Guess that means I'm on the B team.
M. Lee Nix, BSN,RN,RVT
Director, Vascular Lab
Instructor, Department of Surgery
University of Arkansas for Medical Sciences
FAX (501) 686-8688
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From: Rob Daigle [SMTP:[log in to unmask]]
Sent: Monday, September 13, 1999 11:19 AM
To: [log in to unmask]
Subject: Re: Scanning positions
Don, scanning from the side of the patient is being taught in some
ultrasound schools, and I think it's a mistake. The key ingredients
successful technical carotid scan include the ability to hold a 1 or
Doppler sample volume in a 1mm or 1/2 mm residual lumen and keep it
there. Anyone can do normal carotids, but it's the tough ones that
require a very steady hand/arm and very subtle transducer movement.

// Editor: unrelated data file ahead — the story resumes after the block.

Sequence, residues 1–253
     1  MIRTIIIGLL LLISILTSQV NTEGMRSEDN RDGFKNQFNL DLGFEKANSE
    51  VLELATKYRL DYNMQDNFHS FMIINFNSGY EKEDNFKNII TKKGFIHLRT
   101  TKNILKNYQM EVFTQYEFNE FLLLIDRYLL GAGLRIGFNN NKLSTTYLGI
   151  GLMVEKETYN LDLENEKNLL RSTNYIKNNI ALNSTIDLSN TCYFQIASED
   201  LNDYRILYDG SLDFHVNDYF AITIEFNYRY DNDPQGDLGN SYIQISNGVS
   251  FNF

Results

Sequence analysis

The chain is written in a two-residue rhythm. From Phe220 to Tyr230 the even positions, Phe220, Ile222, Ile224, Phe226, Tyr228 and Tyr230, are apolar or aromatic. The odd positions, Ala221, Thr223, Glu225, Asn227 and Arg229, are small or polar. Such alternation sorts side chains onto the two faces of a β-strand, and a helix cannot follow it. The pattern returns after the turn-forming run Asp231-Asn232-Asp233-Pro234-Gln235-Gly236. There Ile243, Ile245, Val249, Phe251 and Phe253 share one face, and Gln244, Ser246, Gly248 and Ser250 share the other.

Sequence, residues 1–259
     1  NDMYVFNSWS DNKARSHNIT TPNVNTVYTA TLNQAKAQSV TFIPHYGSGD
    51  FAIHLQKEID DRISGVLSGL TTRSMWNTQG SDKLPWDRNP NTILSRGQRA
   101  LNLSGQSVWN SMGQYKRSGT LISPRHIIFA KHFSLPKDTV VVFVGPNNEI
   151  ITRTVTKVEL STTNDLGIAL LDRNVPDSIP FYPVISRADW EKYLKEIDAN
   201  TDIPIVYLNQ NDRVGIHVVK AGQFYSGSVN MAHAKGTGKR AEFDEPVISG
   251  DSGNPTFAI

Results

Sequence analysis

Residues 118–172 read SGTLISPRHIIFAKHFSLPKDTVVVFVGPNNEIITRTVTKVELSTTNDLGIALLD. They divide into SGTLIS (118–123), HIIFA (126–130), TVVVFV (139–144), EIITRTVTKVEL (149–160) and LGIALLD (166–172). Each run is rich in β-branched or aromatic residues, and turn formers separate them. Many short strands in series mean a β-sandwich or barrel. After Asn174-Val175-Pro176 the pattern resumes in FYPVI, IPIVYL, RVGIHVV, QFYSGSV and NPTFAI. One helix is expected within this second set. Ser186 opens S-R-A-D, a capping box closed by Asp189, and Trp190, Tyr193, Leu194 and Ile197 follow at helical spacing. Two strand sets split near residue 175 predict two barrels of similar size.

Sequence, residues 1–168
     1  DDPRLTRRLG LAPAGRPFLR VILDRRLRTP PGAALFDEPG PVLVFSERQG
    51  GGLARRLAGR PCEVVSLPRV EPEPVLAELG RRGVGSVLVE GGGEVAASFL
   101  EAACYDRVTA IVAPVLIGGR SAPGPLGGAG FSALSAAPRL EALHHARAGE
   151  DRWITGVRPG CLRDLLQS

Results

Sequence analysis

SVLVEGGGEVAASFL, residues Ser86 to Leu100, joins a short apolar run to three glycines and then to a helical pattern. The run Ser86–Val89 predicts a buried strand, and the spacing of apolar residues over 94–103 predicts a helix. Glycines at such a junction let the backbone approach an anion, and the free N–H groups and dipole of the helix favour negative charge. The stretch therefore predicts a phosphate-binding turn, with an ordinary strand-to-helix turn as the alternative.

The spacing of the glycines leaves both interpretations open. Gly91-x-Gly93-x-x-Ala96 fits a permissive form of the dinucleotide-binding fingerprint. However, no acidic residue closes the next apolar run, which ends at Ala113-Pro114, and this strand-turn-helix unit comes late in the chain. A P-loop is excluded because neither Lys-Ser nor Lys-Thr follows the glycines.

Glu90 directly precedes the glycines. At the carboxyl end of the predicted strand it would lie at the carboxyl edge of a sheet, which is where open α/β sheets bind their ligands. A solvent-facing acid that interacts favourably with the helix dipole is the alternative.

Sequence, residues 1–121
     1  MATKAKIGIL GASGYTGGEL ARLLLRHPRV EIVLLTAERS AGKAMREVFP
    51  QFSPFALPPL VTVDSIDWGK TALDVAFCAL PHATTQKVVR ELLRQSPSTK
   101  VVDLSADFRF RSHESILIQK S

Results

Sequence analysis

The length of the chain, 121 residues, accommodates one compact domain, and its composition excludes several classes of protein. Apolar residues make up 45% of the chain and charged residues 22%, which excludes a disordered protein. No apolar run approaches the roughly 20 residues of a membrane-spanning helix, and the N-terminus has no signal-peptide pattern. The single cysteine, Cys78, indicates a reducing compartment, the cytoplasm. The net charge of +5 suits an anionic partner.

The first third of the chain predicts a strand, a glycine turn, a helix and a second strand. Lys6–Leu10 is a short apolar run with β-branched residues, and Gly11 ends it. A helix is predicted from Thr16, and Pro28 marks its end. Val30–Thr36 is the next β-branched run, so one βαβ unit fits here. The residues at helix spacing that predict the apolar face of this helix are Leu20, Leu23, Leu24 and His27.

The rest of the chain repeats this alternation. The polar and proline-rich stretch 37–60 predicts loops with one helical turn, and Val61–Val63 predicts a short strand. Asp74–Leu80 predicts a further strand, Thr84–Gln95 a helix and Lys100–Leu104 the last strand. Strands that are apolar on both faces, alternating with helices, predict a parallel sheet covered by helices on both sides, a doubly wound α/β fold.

arm cannot be resting on the patients chest. Additionally, the
scan from a posterior -lateral position is essential. These two
ingredients are difficult when positioned at the patients side.
a lot of people who scan carotids and all of the people that I
to be the "A team" scan from in front of the head, and it's for a
reason. If you want to achieve the best quality exam, you can't cut
corners on technique. My apologies for preaching to the choir, but
concerned about what I consider to be an erosion of carotid scanning
From: Don Ridgway [mailto:[log in to unmask]]
Sent: Sunday, September 12, 1999 8:24 PM
To: Robd; UVMFLOWNET
Subject: Scanning positions
This isn't what you'd call Earth-shaking, but there's a bit of a
What position are people taking relative to the patient when
carotids? I'm still of the old school, sitting behind the patient's
Another tech tells me nobody scans like that any more; he stands at
patient's side, facing the patient, much as one would doing an
scan but a bit farther toward the head.
Could I ask for a bit of a survey? There's a lunch riding on this.
reply straight to me so as not to clutter the Flownet up severely:
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Thanks a ton.